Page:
How To Design A Business Plan That Works

I am constantly amazed at how many people neglect the look of their business plan. So often they are disorganized, cluttered, and wordy. You wouldn’t go to a meeting with potential investors with your hair and clothes in disarray. Your business plan is part of your first impression and should also be part of your own identity and vision for the business. Bottom line: A business plan needs to be a polished and professional-looking working document that represents the flavor and viability of your business idea in a clear and easy-to-use fashion.

Purpose of a Business Plan

The purpose of the plan is not just to have a document you can show to potential investors — it’s also a roadmap for yourself. Forcing yourself to come up with the hard data and answer the tough questions gives you a depth of understanding and focus that skimming over such “minor” topics as what separates you from your competition can keep you from experiencing. Don’t shy away from this opportunity to get to the meat of what your business is truly capable of and what it is vulnerable to.

With a document by your side that you can constantly adjust and add to, you are empowering yourself with knowledge, data, and direction. It can serve as a guide for all of those times when you need back-up, assurance, or even the way back to the true purpose of your business those times when you get a little lost. Bottom line: For a useful business document that serves as a reference for both investors as well yourself, make sure the plan has a design that represents your brand in a polished way and is above-all easy to use and understand.

Business Plan Design Tips to Help Your Plan Fulfill Its Purpose

  1. Use a Clean and Spare Design

    There are plenty of business plans out there that have the heft of a phone book and maybe the personality of one, too. Long and dense plans give off the air of something trying to make up in weight what it is missing in substance. Investors don’t want to pick up a phone book to read. You do not want to pick up a phone book to read.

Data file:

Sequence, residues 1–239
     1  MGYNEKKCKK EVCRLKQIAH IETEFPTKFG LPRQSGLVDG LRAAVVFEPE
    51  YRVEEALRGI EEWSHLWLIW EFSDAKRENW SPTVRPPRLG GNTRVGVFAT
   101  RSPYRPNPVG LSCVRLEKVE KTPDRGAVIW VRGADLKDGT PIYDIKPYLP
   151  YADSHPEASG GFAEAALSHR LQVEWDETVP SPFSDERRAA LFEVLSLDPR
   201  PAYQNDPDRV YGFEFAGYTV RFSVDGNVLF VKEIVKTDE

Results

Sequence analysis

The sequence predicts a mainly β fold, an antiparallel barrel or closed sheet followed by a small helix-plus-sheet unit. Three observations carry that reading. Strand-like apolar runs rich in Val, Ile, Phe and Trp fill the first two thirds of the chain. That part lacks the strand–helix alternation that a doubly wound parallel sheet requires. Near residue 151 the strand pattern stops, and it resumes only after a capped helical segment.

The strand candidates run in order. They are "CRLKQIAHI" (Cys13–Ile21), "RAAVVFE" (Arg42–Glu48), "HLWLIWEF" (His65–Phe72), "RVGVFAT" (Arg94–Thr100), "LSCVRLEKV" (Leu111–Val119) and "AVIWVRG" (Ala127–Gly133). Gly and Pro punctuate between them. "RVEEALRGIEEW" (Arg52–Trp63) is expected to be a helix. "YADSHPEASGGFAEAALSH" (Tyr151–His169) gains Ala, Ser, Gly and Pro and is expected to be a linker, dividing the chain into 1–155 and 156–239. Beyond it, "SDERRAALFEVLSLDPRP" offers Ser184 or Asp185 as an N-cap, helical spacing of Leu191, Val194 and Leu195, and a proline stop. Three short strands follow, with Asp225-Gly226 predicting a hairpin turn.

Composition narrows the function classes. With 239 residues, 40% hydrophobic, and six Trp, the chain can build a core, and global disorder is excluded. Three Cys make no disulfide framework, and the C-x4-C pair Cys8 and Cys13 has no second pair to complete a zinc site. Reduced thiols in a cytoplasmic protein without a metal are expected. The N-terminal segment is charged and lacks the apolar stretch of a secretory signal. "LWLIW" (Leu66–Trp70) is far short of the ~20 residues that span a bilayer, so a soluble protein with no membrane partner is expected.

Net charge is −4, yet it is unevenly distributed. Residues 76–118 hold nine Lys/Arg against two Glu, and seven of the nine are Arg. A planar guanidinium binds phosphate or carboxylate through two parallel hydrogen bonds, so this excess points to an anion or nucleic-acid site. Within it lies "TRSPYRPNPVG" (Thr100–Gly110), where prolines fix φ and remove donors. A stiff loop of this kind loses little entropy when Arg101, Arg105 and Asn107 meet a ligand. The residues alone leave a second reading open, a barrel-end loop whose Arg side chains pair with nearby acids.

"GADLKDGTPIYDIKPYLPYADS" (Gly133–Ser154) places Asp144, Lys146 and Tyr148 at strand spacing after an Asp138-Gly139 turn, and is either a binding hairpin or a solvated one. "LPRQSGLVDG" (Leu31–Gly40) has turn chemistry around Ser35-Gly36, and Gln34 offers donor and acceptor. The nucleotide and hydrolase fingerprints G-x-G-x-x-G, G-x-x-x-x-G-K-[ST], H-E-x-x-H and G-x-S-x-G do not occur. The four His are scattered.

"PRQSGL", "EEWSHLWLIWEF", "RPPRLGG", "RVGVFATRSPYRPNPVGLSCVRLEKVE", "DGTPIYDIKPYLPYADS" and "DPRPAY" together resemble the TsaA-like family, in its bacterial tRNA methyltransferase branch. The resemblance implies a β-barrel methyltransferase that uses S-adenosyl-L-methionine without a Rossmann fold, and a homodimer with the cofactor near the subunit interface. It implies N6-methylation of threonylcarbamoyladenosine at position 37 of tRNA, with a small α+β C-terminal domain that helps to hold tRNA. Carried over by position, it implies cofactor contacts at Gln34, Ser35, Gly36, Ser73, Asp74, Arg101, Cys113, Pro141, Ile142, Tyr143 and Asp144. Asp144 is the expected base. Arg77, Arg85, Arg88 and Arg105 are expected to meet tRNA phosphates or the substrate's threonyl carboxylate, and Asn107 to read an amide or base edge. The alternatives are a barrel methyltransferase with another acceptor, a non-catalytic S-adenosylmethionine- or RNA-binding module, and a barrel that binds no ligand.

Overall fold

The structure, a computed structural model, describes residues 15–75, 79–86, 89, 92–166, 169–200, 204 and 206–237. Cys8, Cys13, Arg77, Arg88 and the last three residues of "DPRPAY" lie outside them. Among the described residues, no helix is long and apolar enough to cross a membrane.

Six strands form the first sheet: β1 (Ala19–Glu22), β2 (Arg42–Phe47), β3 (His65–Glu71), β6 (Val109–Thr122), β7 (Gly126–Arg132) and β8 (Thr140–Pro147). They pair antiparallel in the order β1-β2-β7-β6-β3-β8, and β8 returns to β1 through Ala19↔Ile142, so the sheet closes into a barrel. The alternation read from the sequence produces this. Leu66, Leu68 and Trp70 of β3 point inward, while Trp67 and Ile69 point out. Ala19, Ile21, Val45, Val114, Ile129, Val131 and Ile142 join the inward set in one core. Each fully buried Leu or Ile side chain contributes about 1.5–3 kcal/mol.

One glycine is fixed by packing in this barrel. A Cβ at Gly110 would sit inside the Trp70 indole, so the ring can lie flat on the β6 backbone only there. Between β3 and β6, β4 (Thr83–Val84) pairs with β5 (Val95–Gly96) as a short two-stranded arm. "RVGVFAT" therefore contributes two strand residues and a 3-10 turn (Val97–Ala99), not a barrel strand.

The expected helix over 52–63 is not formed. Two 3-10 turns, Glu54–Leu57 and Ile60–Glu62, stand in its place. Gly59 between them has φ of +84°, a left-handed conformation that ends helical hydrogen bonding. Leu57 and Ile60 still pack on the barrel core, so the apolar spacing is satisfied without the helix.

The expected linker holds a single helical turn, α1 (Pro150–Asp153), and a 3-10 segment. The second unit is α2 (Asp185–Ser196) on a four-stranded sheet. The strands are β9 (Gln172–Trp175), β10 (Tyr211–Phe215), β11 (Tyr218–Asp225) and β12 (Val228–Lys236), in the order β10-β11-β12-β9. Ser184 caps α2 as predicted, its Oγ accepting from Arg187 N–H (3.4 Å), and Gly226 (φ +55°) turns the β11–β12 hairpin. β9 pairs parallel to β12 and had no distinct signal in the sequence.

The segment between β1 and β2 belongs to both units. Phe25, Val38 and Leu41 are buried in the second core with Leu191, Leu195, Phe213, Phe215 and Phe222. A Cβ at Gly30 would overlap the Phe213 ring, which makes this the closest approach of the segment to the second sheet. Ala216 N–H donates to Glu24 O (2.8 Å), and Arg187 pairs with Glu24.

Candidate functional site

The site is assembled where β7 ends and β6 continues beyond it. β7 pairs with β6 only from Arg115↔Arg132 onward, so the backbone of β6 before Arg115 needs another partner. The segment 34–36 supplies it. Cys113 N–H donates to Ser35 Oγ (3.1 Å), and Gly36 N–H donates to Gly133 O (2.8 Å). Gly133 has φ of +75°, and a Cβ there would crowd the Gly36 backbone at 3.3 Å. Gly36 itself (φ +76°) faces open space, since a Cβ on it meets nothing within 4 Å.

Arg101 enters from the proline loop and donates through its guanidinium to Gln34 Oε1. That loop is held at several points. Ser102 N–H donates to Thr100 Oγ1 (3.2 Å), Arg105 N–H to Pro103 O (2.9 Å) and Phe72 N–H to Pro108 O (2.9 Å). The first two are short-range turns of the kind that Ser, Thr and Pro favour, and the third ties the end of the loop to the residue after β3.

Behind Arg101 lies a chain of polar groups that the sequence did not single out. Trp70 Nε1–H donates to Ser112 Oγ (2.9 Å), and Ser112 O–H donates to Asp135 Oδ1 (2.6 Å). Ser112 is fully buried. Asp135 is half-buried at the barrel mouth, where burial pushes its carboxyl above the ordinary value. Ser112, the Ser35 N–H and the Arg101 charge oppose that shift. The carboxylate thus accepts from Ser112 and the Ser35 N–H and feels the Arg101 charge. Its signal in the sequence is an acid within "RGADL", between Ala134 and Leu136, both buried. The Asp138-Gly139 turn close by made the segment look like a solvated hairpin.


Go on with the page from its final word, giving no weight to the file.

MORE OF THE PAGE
For a document that is handy, portable, and inviting, make a design that is clear, brief, and direct. Avoid wordiness that can obscure your true purpose and message. A cluttered design with ten different levels of numbered and lettered outlines, asterisks, and footnotes conveys a cluttered and over-loaded mind. A clean design with objectives and details concisely and clearly presented conveys a mind and business purpose that has laser-focus, knows what is important, and has a confident sense of itself. Bottom line: Clean design shows a clear vision.

  2. Include a Table of Contents and Helpful Headings

    Making a business plan an easy-to-read and easy-to-use document requires that information and sections are easy to locate. Use a table of contents to make your information easy to be referenced. A table of contents shows that you are an organized person and that you value the time of the reader. Within the content, use helpful headings that make information easy to find and identify. Bullet points and numbers are fine, but avoid going overboard with different levels of indentions and notations. Keep information organized and easy to follow. Bottom line: A table of contents and straightforward headings keep your thoughts organized, help you and your reader locate information, and look professional.

  3. Choose a Font That is Easy to Read